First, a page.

There was a time when the arts were considered non-essential in the K-12 arena of public education. Not locally, perhaps, but most assuredly in the not-so-distant past, music, dancing, drama, painting; in other words, the arts, were placed on scrap-heap of public education to make way for a more concentrated and national focus on the three Rs, reading, writing and arithmetic.
Nobody disputes the importance of those essential tools in the quest for a solid education.
However, Marengo Elementary School (MES) educators and parents also believe that the arts are just as essential. Just look at the school’s Talent Show last week that feature scores of kids embracing the arts. In fact, the entire School District shares that value.
Jill Gold Wright, performance director of the Talent Show and MES parent, explained the importance of the talent show that has been in existence for at least two decades.
“It gives the elementary kids really a chance to shine in a way that they don’t always have in their day-to-day lives,” Gold Wright said before the nearly three-hour performance began last Friday morning at the South Pasadena Middle School (SPMS) auditorium. “When they are in the classroom, they can answer a question or when they’re on the playground, they can make a basket with a basketball. But this gives them a full 60-seconds, whether with a group of friends or completely by themselves, to have all-light, all-sound, all-costuming, all-eyes on them, and it’s really important for their self-esteem, their sense of self-worth. They come off the stage with eyes twinkling and a smile so huge because they have done something scary and they’ve succeeded at it.”
There were 77 different acts performing in the talent show featuring about 178 Marengo students from kindergarten through fifth grade, according to Kristen Swift, a co-chair of the talent show. The show was presented last Friday in the SPMS auditorium for about 750 students, administrators and parents from MES. On the next day, Saturday, Feb. 23, the show was presented to the community at large.
The show is in two acts, featuring such skits as Joy to the World, Folklorico, Ugly Baby Skit, Piano on Fire, Junior Jabbawockeez, Glow in the Dark Gymnastics and Hallelujah, to name just a sampling of the performances. More than 50 volunteers worked on the show in various capacities including directing, producing and stage-managing or simply running errands to make sure the show goes on without a hitch. Rehearsals have been ongoing since January and the day before the first performance, there was a seven-hour dress rehearsal.
“We have 77 different acts performing,” said Swift. “We have 178 kids representing grades kindergarten through fifth doing acts from dancing, singing, playing the Ocarina, DJing, gymnastics, magic, comedy. This happens every year.”
Gold Wright explained the painstaking process for the show.
“The first time we see all the acts together is for an audition that they sign up for,” Gold Wright said. “Then, if there are certain acts that need some tweaking or need a little extra help, we have them go back and do some extra rehearsal and we bring them back for a callback a couple weeks later. I direct them and give them some help with their blocking. Everybody who auditions comes back and gets in.”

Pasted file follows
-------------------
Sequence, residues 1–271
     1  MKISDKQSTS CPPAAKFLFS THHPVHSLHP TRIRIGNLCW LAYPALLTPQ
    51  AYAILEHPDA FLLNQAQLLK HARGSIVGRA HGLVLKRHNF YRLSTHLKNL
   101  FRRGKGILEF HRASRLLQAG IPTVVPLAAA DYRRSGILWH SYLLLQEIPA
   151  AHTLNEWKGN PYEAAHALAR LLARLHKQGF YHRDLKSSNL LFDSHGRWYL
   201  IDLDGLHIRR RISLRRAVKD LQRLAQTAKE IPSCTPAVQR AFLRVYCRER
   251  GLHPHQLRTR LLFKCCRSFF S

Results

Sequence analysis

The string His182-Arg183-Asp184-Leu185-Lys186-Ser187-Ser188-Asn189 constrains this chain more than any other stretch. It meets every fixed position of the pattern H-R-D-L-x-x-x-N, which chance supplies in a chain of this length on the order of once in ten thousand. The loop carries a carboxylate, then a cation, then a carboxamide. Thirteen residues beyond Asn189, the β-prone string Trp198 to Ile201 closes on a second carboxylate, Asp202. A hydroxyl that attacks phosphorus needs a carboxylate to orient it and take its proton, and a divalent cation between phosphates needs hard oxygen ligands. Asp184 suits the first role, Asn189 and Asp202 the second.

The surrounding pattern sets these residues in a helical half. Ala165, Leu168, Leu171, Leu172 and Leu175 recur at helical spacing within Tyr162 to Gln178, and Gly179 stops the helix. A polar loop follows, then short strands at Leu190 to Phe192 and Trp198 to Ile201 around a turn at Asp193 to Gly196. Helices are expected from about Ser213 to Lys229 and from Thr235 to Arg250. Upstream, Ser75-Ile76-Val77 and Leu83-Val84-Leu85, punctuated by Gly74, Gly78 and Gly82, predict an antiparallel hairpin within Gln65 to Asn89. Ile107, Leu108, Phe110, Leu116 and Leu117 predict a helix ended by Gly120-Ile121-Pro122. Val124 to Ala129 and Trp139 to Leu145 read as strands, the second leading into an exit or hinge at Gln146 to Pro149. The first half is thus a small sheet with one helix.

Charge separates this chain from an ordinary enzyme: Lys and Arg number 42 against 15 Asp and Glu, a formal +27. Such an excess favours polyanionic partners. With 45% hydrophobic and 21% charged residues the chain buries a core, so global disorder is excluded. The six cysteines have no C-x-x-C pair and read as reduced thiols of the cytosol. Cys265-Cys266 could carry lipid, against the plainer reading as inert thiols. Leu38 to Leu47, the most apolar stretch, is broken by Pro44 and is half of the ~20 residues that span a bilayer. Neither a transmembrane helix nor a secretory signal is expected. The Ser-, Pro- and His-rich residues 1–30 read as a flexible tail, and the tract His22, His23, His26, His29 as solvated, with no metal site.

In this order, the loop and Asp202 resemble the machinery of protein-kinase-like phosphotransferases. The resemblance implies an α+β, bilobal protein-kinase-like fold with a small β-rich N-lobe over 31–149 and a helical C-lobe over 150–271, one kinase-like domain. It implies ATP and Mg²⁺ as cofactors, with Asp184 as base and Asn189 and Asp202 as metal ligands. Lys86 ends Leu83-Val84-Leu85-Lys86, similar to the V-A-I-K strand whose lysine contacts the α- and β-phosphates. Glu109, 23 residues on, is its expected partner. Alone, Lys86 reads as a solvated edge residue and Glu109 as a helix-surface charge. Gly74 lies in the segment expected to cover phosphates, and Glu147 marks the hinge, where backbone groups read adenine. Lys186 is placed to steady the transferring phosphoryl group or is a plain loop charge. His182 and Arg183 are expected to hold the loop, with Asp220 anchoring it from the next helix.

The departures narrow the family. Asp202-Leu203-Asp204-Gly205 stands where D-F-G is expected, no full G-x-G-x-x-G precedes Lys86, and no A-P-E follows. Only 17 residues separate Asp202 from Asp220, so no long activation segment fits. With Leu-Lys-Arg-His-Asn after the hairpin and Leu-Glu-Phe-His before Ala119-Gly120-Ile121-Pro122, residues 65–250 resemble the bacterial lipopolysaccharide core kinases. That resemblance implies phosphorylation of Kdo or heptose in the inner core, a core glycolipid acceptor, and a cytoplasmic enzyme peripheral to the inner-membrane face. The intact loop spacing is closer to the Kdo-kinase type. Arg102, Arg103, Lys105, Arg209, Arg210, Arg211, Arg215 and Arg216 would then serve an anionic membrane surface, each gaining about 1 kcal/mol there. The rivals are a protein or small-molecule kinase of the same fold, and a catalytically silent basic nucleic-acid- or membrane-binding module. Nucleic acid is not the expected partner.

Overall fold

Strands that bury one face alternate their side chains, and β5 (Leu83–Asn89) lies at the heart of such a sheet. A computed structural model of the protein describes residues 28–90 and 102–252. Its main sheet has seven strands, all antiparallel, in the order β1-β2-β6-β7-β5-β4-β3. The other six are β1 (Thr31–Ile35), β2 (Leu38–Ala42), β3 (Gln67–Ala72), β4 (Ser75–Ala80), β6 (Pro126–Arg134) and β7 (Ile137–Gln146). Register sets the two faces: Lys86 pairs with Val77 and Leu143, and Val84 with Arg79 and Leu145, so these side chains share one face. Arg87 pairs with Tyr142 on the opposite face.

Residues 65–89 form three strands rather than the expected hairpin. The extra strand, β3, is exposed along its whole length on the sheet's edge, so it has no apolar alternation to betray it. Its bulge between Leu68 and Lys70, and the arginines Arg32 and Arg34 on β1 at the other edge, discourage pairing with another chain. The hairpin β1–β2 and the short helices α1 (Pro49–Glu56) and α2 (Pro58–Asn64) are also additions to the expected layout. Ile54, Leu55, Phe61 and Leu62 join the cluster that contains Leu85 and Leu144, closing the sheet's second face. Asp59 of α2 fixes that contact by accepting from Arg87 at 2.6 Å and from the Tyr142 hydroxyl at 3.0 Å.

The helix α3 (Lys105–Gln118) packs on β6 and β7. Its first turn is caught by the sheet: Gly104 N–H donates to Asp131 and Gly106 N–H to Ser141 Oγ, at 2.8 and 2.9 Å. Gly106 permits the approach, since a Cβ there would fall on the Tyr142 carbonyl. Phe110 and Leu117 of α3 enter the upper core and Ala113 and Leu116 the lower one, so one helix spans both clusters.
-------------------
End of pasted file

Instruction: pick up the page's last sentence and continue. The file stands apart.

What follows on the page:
Gold Wright then talked about the seven-hour dress rehearsal, which she characterized as “massive.”
“Last night, the Thursday night before, we have a massive dress rehearsal in this space,” Gold Wright explained. “It’s the first time the kids were in their costumes under these lights with the sound pumping out through the system and we practiced their entrance from their seats, their performance and their exit out the other way, so they kind of know the pragmatics of how it works. It was long.”
The entire project is time-consuming, exhausting and requires a strong commitment to the arts. Is it worth it?
Gold Wright said a definitive “yes.”
“I think the arts are essential because through the history of mankind arts have been the record of how people have felt in society,” she said. “How they felt about their own individual existence. Almost everything we know about history is from paintings, from music, from performance, from voice, from poems which are to be sung aloud. Everything we know about the human experience we know through arts. We take that away, we take away a huge outlet of expression.”
Both Gold Wright and Swift said this show could not have been accomplished without the dedication of the volunteers and the school officials that support the effort.
“We just want to express our gratitude to the Middle School, the many, many parent volunteers,” Gold Wright said as the show was getting ready to start. “Obviously, it’s not just us. We have parents that are selling flowers. We have parents who were bringing food. These parents are doing restroom runs, helping get kids in their seats, making sure everything gets done. We are grateful for all of them.”